BAKSHI ON BAKSHI – A SON REFLECTS ON HIS FATHER
Posted by Vivek on January 23, 2011 | 6 Comment
For the record, India’s most prominent lyricist, Anand Bakshi, left for his heavenly abode, in 2002. But the reality is that he is still with us and will continue until we stop humming these songs:
Tujhe dekha toh ye jaana sanam – Dilwale Dulhaniya Le Jayenge
Ghar aaja pardesi – Dilwale Dulhaniya Le Jayenge
Jaadu teri nazar, khushboo tera badan – Darr
Lagi aag sawan ki, phir who zadi hai – Chandni
Bholi si surat, aankhom mein masti – Dil Toh Pagal Hai
I love my India – Pardes
Zara tasveer se too, utar ke samane aa, Meri mehbooba – Pardes
Taal se taal mila – Taal
Ishq bina kya jeena yaron – Taal
Humko hamise chura lo – Mohabatein
Udja kaale kawan – Gaddar, Ek Prem Katha
The day we stop singing/thinking about these creations of Anand Bakshi, is the day he will leave us.
I don’t see that day happening in my lifetime so we can securely say, that Anand Bakshi continues to live amongst us.
A true writer can write in the midst of a practical life and Anand Bakshi, lived such a life, serving the Armed Forces, the Navy and being amongst his family members. This practical life resulted in over 3500 songs and 650 films, which bore his creativity.
On walking into the offices of the Indian Film Writers Association, His photo stands as an inspiration to all writers.
Here his son, Rakesh Anand Bakshi, a feature film Director in his own right, remembers his father:
“Today at 6pm, from the street below my house I heard a young flute seller play “Mere Naina Sawan Bhado…” from the film, Mehbooba. (music R.D.Burman. lyrics Bakshiji)
He was playing so beautifully that I called out to him and called him up to my door steps.
I told him he is a wonderful player and I wanted to reward him, so I gave him some money.
He accepted the money and was surprised I did not want to buy a flute but yet I had paid him. He asked me why did I not buy a flute and yet I gave him some money for it.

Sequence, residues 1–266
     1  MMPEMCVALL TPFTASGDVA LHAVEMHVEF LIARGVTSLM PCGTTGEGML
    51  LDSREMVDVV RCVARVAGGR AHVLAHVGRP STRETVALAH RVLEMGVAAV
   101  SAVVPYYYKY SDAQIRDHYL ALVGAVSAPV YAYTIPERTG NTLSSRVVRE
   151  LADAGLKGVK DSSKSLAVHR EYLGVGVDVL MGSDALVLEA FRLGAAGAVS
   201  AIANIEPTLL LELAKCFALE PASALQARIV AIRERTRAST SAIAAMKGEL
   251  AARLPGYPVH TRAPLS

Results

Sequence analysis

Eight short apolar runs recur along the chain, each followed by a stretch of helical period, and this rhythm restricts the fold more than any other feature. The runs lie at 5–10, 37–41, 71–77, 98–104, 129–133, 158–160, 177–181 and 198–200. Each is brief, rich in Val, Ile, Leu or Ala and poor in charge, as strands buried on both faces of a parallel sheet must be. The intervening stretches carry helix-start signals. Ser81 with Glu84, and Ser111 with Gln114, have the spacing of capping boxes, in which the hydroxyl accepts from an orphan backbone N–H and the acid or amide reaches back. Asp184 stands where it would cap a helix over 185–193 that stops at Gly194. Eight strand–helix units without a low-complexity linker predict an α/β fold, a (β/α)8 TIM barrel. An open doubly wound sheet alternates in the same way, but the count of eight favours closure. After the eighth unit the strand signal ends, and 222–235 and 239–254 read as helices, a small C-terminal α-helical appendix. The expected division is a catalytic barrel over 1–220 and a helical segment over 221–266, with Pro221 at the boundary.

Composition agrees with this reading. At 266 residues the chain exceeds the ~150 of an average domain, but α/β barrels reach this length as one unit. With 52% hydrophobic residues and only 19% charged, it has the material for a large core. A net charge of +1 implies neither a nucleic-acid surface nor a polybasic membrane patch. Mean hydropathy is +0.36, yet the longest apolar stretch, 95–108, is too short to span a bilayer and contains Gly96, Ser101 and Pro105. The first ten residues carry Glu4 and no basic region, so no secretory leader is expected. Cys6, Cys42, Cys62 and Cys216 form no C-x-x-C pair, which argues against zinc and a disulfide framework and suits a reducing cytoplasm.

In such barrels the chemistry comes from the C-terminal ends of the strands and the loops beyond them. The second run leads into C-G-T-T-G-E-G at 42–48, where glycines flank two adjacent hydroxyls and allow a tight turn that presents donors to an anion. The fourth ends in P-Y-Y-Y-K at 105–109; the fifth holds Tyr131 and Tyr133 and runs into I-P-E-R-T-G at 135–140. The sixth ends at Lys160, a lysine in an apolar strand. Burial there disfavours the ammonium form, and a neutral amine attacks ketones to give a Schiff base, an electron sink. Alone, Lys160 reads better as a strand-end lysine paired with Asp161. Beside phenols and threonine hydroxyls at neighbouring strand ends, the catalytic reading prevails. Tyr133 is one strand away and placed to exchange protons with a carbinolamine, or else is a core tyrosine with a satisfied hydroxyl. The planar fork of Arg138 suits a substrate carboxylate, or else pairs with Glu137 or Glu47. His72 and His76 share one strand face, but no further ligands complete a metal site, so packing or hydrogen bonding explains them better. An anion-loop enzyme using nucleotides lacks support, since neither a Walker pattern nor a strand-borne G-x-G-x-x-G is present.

I replied I was so pleased to hear this song that’s written by my father and I liked the gentle melodious way he played it and I was happy that someone as young as him is playing a song that’s so old.
He asked me who my father is, and I told him Bakshji’s name.
Strangely he did not react. He said he has not heard of him nor seen his picture ever, so I named R.D.Burman (“RDB”), and again a blank!
He explained in embarrassment he was always a destitute and always uneducated so cannot read nor write.
Then I asked him to play some other song and he surprised me by playing the song from the movie, Geet – “Aaja Tujhko Pukare Mere Geet…
I asked him to play yet another song and he played a song from Dil Toh Pagal Hai!
and he had sincerely told me with 100 percent honesty that he has not heard of RDB nor Anand Bakshi!
So I lead him inside my house and showed his Bakshiji’s picture. He took Bakshijis blessings.
Then I showed him a picture of RDB and LP (Laxmikant Pyarelal)! He touched the pictures to his head and took their blessings.
I asked him why did he do this, and he replied, “I eat because of these people. and I do not know who they are till this moment. I wanted to say thank you”.
I was touched! I gifted him a book written by Vijay Akela on Bakshiji’s songs.
He again took blessings of the book and then accepted it.
The flute seller walked away from my house, and life probably, but he left behind an emotion I cannot express in any language. But like him I think some things can only be expressed with music even if you can’t understand it’s language or origins.
The poor destitute musician left his mark on me, just like the legends have left a mark on us music lovers, beyond education, borders and language.”
Rakesh. Anand Bakshi